“The game theorist Martin Shubik invented an unpleasant economists’ party game called the dollar bill auction. The players agree to auction a dollar bill with one cent increments in the bids. As usual, the dollar goes to the highest bidder. The twist is that both the highest bidder and the second-highest bidder must pay.” John Kay, ‘Kipling’s game theory lessons for Greece’, Financial Times, July 27, 2011
In such a game, offers will quickly escalate towards a dollar, with the highest bid at 99 cents and the underbid at 98 cents. At this point it pays the underbidder to to offer a dollar. He makes no gain but avoids a loss of 98 cents. This game, however, will not stop there. It now pays the underbidder to bid $1.01, converting a loss of 99 cents to one of a single cent. And so the plays continue. The underbidder always comes back to avert a greater loss. The game eventually may end, but never well for any participant. There are reports that over $200 has been paid for a single dollar in Shubik’s game.
Shubik proposed the paradox as a problem to which game theory offers no solution. However, there is a solution if one perceives the nature of the game in time. Avoid like the plague situations that mimic the structure of this game. The great English poet, Rudyard Kipling, anticipated Shubik’s paradox and resolved it with respect to pre-Norman England:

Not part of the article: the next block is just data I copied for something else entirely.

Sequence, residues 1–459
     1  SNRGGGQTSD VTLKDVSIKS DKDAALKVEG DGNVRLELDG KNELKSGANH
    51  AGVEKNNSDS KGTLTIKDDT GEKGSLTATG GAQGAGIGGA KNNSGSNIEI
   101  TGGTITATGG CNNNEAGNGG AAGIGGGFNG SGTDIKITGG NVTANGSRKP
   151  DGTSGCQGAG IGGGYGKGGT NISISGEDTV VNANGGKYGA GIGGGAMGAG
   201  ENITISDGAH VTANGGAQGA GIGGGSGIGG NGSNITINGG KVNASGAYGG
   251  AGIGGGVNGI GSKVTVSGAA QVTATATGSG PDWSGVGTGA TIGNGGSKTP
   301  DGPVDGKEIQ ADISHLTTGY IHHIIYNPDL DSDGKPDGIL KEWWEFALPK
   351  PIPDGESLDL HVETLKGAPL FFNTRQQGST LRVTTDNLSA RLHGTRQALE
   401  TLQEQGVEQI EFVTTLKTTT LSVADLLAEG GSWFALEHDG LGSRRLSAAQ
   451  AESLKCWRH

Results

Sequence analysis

“We’ve proved it again and again,
that if once you paid him dane-geld,
you never get rid of the Dane.”
So the United Kingdom was prescient in refusing to join the Euro-zone. For the Danes are now located in the south of Europe, not the north. They are called the PIIGS. And the Euro-zone is locked into the Shubik dollar bill auction:
“the essence of Shubik’s problem is that it always seems worthwhile to offer a small amount to avert a larger loss. It is plainly better to write down Greece’s debt, even to agree to a permanent underwriting of the Greek economy, than to risk the breakdown of European economic integration” John Kay, ibid.
At this point I depart from the usually impeccable logic of John Kay. Immediately one perceives the nature of this game, it pays everyone to quit the game, including the random winner. So it is wise for Germany to quit the Euro-zone now. It was wise for the Bush administration to allow Lehman Brothers to die, it was wise of Margaret Thatcher to confront the British miners in a bloody 18 month confrontation, it will be wise for the GOP to confront its right-wing tail and for the Democratic Party to confront its left-wing tail in order to maintain the financial integrity of U.S. government debt in international markets.
Take one’s money off the table before the Danes take it all. That is Rudyard Kipling’s message and the warning to us all in this era of increasingly arrogant Viking invasions. There is no point in playing the game and hoping Canute-like, that the rules will change and that the tides will turn according to your wishes. For assuredly, that will never happen while the dane-geld remains on the table.